by guest contributor Stephanie J. Frostad
One of the thrills of being an artist for me is making something out of nothing, turning a blank, white rectangle into a palpable space. Every composition is a chance to make a new world of beauty and meaning. While there are inevitable struggles, sometimes even tedium in the process, this generation is ultimately empowering.
Another, quieter, thrill of being an artist for me is holding still. Instead of acting upon the world -- real or imagined -- allowing myself to be acted upon by it. Intent observation and reflection are as crucial to the artworkʼs development as motion with graphite, brush and paint. There is a certain vulnerability and humility in looking unguardedly, with no purpose but to perceive the visual truths and potentials of the subject, whether it be a weed, a human figure, a color or shape. This receptive aspect of image-making is exhilarating too. I am enriched by what I see.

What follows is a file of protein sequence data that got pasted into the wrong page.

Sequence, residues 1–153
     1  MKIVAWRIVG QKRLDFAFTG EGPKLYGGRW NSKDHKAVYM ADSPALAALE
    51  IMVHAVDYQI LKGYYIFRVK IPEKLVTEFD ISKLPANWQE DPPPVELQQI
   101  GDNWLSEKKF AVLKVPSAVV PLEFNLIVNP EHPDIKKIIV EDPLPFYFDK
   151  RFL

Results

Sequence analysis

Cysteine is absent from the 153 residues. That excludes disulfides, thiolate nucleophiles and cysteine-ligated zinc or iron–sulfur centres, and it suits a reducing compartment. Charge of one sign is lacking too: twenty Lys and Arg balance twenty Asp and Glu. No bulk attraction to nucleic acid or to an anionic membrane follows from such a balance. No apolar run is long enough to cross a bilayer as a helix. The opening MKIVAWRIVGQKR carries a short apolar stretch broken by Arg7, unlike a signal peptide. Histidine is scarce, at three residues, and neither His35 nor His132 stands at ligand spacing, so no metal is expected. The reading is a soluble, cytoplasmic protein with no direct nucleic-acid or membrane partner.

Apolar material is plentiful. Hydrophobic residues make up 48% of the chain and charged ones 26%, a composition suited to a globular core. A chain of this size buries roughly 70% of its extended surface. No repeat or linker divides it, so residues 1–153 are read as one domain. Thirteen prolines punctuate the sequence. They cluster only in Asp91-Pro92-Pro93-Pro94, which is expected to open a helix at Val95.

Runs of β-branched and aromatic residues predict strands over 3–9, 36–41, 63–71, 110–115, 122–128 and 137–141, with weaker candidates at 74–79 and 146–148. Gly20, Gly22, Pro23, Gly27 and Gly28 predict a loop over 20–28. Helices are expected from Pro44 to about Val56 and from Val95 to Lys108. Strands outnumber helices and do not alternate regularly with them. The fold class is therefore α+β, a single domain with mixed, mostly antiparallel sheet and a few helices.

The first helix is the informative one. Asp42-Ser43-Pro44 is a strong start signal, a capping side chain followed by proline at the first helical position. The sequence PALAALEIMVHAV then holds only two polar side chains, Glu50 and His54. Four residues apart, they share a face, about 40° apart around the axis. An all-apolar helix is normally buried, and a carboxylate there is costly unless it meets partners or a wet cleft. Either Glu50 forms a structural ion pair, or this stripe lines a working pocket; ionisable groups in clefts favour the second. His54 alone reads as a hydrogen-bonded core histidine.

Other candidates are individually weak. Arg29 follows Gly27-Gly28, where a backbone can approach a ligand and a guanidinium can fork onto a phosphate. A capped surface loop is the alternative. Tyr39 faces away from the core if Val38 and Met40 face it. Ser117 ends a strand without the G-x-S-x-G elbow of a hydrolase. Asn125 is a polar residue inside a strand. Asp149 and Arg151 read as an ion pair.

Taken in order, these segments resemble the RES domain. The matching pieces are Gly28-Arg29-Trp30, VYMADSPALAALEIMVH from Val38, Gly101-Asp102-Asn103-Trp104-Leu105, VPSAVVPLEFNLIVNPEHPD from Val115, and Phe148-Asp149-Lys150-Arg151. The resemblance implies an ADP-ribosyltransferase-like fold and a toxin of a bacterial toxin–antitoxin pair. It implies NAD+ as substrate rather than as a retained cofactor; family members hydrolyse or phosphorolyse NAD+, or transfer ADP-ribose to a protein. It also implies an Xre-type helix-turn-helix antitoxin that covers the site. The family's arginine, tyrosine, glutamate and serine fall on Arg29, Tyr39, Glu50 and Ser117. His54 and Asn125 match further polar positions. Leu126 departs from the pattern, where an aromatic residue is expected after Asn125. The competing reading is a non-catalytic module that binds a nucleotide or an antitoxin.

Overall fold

We celebrate the most conspicuous aspects of artistic process: the mark, the expressive gesture, the signature style or touch of the artist. And rightly so, since these are concrete elements of craft. Between the lines, so to speak, is evidence of the choice to be formed and informed by what is seen and experienced. Though harder to discern in the creation, this receptive and reflective aspect of image-making is just as crucial to the power of art. Visions must be held, still and carefully, in order to be manifest and shared.